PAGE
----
For more information, go to christmasspiritdinner.ca or 250-472-1040.

Culinary tour to benefit Mustard Seed food bank

A local culinary tour company called Off the Eaten Track has pledged to donate the proceeds of an upcoming tour to benefit the Mustard Seed.

The company’s Tuesday holiday culinary tour highlights the Fort Street neighbourhood.

Guests will be treated to more than 15 tasting samples and the opportunity to shop for unique and tasty gifts. It will stop at the Little Cheese Shop, Choux Choux Charcuterie, Chorizo & Co. and Hook Fine.

“We wanted to give back to our community and help those that might be in need over the holiday season,” said Alexis Ragan, co-owner of the company.

The tour costs $45 and runs 2:30 to 4 p.m. every Tuesday and Thursday until Dec. 19.

For more information, go to offtheeatentracktours.ca/victoria.

Cleaners raising money for SPCA

Merry Maids is holding a bottle drive with a difference. From now until Jan. 3, cleaners will collect bottles and spare change left by customers at the homes that they clean — as well as from the community.

Accounts have also been set up for donations at the Bottle Depot and Alpine Group recycling centres under Merry Maids of Victoria. Proceeds will benefit the Victoria Branch of the B.C. SPCA.

“We chose the SPCA because it is a beloved cause for many of our team members,” said Matt Tanner of Merry Maids of Victoria.

“Also, pets are important members of many of the homes we clean. We wanted to show our gratitude to our community by supporting a cause that is meaningful to so many families.”

For more information, go to merrymaidsvictoria.com/spca.

Stuff the Stocking at Cridge Centre

Visitors are invited to enjoy a cup of cheer and some Christmas music Friday while they stop by to make a donation to the Stuff the Stocking event at the Cridge Centre at 1307 Hillside Ave.

The non-profit society provides childcare, low-income housing, senior’s housing and women’s services.

A stocking will be hung on the fireplace mantle, from 8 to 11 a.m. in the lounge of the senior’s centre, for people to put in a monetary gift to support the centre’s “respitality service.”

Anyone unable to attend who would still like to donate can call 250-995-6419. For more information, go to cridge.org.

Star Sunday offers true holiday spirit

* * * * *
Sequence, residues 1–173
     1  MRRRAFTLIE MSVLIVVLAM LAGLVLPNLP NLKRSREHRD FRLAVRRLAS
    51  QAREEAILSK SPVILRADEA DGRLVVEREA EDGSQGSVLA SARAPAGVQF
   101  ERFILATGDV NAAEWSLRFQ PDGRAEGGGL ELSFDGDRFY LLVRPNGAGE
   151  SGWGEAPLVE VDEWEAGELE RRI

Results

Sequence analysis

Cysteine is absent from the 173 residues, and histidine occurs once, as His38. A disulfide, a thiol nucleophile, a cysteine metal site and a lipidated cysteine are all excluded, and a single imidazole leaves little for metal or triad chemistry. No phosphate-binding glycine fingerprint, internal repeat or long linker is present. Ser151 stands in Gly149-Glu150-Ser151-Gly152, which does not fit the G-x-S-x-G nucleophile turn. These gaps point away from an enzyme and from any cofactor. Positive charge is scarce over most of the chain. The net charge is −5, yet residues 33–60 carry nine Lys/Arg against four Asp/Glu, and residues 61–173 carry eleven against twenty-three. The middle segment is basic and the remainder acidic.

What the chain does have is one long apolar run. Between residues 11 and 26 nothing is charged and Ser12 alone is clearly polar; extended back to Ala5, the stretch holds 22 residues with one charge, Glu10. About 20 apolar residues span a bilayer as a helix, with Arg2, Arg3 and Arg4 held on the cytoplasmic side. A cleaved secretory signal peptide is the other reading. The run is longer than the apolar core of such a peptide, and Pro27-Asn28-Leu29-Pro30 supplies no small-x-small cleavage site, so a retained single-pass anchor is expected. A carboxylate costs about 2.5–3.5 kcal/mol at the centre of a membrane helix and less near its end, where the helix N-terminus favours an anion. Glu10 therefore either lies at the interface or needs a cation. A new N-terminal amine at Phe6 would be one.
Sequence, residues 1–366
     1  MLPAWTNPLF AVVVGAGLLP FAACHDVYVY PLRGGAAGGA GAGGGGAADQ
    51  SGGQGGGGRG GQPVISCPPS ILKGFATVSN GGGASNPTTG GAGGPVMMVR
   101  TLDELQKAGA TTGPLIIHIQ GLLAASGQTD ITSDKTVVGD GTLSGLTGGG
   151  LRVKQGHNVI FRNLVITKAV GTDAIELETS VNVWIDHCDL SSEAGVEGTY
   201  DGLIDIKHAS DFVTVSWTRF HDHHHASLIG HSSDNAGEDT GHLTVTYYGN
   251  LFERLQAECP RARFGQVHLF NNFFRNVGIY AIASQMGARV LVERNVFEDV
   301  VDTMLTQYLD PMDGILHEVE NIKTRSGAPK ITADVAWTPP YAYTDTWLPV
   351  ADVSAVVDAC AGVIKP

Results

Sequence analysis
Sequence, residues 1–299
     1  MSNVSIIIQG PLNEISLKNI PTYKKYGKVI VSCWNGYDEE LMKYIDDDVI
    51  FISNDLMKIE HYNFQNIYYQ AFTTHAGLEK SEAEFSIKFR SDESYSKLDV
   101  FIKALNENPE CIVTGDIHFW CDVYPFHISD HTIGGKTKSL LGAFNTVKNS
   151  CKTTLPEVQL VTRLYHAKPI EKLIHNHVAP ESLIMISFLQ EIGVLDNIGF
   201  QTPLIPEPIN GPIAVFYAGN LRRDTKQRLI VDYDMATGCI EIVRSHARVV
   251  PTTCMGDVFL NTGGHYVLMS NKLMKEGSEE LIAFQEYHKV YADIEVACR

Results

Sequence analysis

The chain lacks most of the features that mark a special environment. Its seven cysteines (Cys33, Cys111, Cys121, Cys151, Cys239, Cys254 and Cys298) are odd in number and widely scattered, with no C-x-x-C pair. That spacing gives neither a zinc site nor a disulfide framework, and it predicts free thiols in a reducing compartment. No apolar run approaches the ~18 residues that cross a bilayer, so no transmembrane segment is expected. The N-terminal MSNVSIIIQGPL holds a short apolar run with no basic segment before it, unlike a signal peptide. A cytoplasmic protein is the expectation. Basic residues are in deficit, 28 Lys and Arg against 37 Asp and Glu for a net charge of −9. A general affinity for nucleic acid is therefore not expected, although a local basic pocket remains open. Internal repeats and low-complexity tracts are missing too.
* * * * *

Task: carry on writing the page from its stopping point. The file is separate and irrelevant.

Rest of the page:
Experience an afternoon filled with the true spirit of Christmas at the St. Barnabas Anglican Church Star Sunday Christmas crafting event.

The afternoon begins with the sights and sounds of a crackling fire and an outdoor waffle stall. Inside children can learn to make appealing gifts, including beeswax candles, transparent origami stars, a wooden manger, scented bath salts and cards.

“So much of the Christmas season is filled with garish glitter, noise and synthetic materials,” said Travis O’Brian, rector of St. Barnabas. “We hope that Star Sunday will offer a time of beauty and pleasure in the midst of all those distractions.”

Admission is free, though donations are welcome. The event runs 3 to 5 p.m. in the church hall, at the corner of Begbie Street and Belmont Avenue. Children of all ages are welcome.

For more information, go to stbarnabaschurch.ca.

Enjoy sounds of the season at singalong

St. Andrews Presbyterian Church is holding a Christmas Carol Sing-Along on Thursday at noon.

The carol singalong will feature Aline Dumalski on violin and vocals by students of Sound Fundamentals Music.

Doors open 11:45 a.m. and the event ends at 1:15 p.m. at the church, corner of Douglas and Broughton streets.

For information, call 250-384-5734 or go to standrewsvictoria.ca.

Students blitz for Langford food bank

Students from Belmont Secondary School worked hard to meet their goal of collecting 10,000 items or more non-perishable food items in one night for the Goldstream Food Bank last week.

In fact, they worked so hard during Wednesday’s 10,000 Tonight campaign — going door-to-door in a four-hour blitz — that they collected 19,000 items to fill the food bank’s shelves.